Education agent pleads guilty to four charges of unlawful immigration advice
The director of an Auckland based education placement service for international students has been handed down a commuted sentence of nine months home detention, after pleading guilty to four charges of unlawful immigration advice.
The Immigration Advisers Authority (IAA) charged Hanfang (Helen) Liu, director of Headsun International Group Ltd, under the Immigration Advisers Licensing Act 2007 with four counts of asking for a fee for providing immigration advice while not being, and knowing she was required to be, licensed.
Ms Liu appeared before Auckland District Court on Friday, 16 November to be sentenced after pleading guilty to all four charges in September, which related to unlawful advice provided on student, visitor, and work visa applications. The sentence stems from charges brought against her earlier this year for offences against seven Chinese nationals.
The Registrar of Immigration Advisers, Andrew Galloway, says “This is a serious example of an education agent knowingly providing unlawful advice and taking advantage of their client base; potentially putting them at risk and depriving them of the opportunity to live and study in New Zealand.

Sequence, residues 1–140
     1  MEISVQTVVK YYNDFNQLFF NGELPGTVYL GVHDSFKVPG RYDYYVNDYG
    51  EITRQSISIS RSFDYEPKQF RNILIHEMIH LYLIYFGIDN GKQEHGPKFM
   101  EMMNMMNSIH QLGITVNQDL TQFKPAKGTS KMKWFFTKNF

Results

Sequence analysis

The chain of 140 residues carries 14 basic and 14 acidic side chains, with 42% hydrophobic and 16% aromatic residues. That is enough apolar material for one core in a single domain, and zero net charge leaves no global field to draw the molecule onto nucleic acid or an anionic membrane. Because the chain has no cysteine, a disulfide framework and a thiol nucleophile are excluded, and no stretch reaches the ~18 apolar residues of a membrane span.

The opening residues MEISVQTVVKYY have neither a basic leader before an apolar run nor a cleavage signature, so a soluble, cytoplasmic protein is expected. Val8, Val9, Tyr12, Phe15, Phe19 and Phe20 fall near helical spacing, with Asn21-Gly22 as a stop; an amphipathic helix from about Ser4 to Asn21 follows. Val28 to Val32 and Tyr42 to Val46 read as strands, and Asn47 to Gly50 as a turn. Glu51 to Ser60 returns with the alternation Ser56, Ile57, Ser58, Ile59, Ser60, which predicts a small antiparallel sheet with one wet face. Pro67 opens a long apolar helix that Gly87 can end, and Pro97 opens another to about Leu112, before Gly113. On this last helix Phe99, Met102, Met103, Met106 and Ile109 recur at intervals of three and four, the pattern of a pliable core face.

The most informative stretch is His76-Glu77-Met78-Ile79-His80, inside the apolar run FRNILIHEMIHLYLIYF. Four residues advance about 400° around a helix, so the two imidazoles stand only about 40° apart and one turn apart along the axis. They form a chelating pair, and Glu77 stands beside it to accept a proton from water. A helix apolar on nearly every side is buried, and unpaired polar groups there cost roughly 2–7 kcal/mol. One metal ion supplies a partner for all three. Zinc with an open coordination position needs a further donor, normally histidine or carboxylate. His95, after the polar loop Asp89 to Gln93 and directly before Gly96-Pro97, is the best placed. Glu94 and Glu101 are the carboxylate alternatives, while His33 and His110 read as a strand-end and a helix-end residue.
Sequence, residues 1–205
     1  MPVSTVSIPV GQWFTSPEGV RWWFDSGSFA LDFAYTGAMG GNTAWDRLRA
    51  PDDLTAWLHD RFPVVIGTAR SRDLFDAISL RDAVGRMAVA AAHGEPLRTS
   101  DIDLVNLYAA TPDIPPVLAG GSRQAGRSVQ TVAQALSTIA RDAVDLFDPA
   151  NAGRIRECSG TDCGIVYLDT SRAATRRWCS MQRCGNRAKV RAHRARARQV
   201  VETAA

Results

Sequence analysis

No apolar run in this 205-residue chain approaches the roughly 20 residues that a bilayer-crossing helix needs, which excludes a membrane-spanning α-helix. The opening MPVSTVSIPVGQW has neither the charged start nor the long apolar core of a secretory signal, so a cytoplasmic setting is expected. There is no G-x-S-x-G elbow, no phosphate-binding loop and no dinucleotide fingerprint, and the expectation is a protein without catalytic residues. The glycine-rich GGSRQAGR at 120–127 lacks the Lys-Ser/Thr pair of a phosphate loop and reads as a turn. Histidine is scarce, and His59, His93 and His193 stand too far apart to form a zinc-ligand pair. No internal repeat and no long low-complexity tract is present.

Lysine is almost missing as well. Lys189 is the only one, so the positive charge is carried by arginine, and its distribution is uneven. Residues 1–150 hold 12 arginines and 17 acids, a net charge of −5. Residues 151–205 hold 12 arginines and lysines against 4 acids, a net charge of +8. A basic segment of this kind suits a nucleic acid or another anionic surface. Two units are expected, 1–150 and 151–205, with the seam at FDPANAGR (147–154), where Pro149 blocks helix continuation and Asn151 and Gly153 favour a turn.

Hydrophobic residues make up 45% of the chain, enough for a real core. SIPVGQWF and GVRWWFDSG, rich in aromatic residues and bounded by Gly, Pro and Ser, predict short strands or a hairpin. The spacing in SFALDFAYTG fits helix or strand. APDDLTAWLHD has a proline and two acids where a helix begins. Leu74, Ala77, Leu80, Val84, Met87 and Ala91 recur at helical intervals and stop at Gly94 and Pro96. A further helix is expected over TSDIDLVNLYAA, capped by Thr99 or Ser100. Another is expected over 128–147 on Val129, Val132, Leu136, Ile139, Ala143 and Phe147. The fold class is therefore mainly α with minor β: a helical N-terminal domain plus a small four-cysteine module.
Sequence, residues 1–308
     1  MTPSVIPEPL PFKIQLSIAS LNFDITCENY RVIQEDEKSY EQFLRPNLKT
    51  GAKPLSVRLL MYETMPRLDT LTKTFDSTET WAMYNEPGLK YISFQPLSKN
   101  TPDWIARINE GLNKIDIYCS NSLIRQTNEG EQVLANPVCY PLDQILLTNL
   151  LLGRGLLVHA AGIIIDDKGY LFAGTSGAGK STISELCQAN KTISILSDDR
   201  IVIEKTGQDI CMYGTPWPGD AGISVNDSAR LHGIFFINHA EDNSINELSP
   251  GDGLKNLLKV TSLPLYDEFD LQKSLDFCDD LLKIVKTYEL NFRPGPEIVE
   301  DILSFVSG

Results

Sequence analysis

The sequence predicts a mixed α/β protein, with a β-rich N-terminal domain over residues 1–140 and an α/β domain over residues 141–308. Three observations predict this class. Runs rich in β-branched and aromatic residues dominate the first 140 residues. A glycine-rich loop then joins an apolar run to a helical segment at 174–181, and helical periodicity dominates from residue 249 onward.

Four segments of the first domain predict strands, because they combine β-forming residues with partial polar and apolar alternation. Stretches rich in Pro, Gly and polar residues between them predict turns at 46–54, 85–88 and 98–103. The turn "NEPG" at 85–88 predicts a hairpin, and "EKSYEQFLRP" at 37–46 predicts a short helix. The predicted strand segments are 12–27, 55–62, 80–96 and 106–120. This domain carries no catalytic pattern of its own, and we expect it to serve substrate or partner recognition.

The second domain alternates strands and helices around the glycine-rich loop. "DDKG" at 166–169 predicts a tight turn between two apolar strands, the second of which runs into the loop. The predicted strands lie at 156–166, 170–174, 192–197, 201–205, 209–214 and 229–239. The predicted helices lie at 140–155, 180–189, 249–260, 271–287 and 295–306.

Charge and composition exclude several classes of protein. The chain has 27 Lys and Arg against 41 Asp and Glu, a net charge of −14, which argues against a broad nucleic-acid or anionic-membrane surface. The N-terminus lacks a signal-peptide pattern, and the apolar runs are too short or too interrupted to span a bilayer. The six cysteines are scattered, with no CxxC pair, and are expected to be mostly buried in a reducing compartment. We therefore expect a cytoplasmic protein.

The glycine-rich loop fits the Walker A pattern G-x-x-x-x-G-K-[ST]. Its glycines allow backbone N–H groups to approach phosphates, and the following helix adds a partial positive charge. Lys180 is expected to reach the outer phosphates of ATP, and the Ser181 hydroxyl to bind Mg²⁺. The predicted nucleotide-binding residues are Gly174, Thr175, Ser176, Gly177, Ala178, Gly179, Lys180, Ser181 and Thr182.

“The IAA takes this type of offence very seriously and we will continue to actively investigate and prosecute offenders like Ms Liu.”
Immigration Advisers must be licensed by the IAA, a New Zealand government body set up to protect individuals and families looking for immigration advice, or be an exempt person.
“Our message to international students seeking immigration advice in New Zealand is to check if the person is a Licensed Immigration Adviser or exempt, such as a New Zealand lawyer,” says Mr Galloway.
The IAA’s online register of licensed advisers(external link) is available for those who want to search for a licensed immigration adviser. More information on the IAA can be found at www.iaa.govt.nz.
The IAA looks into all complaints made by the public about unlicensed immigration advice. Individuals found breaking the law can face up to seven years in prison and a fine of up to NZD$100,000.